Monday, May 4, 2015

Playwright's Note: Thinking Caps

This play is not trying to predict the future. It's about how amazing the present is right now and how used to it we all are.

My nieces and nephews don't know a world before cell phones and the Internet. I've never lived in a world without cable or home video. My parents remember when TV was only black and white, and my grandma was 22 when the atomic bomb changed the world. There's no way to fully convey how absolutely revolutionary these concepts are when, to you and I, they've always been around. But, every day we hold better technology in our hands than what sent man to the moon, and we use it to play games.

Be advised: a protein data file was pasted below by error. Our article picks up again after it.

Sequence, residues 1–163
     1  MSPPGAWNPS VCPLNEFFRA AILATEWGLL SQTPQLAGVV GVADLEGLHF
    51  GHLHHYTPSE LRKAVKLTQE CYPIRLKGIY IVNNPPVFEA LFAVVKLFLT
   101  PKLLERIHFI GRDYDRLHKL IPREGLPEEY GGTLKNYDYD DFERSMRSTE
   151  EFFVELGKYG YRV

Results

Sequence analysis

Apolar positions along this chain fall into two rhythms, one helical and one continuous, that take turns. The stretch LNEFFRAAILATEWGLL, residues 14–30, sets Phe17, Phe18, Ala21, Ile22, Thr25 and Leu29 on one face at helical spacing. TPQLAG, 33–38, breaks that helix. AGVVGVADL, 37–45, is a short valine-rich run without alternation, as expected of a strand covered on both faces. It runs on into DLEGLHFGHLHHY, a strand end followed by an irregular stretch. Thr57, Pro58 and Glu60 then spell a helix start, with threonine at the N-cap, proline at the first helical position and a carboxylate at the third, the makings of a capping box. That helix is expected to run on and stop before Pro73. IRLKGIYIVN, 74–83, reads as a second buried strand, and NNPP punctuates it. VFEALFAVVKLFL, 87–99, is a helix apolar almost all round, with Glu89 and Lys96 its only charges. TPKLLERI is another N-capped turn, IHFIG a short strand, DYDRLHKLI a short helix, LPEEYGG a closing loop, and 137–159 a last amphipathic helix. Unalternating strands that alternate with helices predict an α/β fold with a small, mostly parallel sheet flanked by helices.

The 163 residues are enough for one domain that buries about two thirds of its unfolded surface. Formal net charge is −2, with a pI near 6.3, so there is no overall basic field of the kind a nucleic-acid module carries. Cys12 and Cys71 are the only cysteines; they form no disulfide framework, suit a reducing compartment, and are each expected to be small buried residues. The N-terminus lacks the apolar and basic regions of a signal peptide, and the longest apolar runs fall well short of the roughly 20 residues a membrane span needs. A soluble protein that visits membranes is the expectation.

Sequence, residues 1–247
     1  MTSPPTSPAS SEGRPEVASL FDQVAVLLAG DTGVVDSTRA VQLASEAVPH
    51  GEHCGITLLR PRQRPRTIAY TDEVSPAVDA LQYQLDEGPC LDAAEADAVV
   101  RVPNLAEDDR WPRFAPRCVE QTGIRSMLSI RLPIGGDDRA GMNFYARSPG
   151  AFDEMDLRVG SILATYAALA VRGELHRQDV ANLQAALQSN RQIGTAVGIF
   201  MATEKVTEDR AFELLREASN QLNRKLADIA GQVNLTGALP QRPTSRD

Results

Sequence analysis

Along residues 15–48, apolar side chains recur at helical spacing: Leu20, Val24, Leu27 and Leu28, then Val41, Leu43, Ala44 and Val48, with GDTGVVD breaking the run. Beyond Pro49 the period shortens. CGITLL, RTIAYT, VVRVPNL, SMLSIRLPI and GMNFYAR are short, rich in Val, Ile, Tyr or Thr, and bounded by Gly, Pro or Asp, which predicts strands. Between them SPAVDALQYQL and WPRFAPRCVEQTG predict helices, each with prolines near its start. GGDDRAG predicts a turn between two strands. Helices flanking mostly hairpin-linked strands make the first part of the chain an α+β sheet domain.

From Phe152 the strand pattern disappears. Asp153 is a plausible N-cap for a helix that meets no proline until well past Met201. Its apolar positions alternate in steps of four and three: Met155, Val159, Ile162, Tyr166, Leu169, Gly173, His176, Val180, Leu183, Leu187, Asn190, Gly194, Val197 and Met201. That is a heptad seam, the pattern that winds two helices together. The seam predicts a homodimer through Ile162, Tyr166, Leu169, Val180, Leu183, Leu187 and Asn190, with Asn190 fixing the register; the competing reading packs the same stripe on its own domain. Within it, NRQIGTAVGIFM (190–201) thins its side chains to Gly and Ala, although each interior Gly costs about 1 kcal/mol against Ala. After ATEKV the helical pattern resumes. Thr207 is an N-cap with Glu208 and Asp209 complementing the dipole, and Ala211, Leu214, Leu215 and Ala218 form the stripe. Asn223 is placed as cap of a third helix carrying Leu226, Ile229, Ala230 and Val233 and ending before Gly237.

The moment Martin Cooper at Motorola called his rival, Joel S. Engal, at Bell Labs in 1973 from outside of a New York Hilton practically divides human history into “before cell phones” and “after cell phones.” My nieces and nephews are starting to reach 10 years old as of this production. Someday, they'll tell their kids about a world before 3-D printing, self-driving cars, nano-surgery and possibly even electronic telepathy.

And, we can only imagine how they might tell them.

Keith Gatchel

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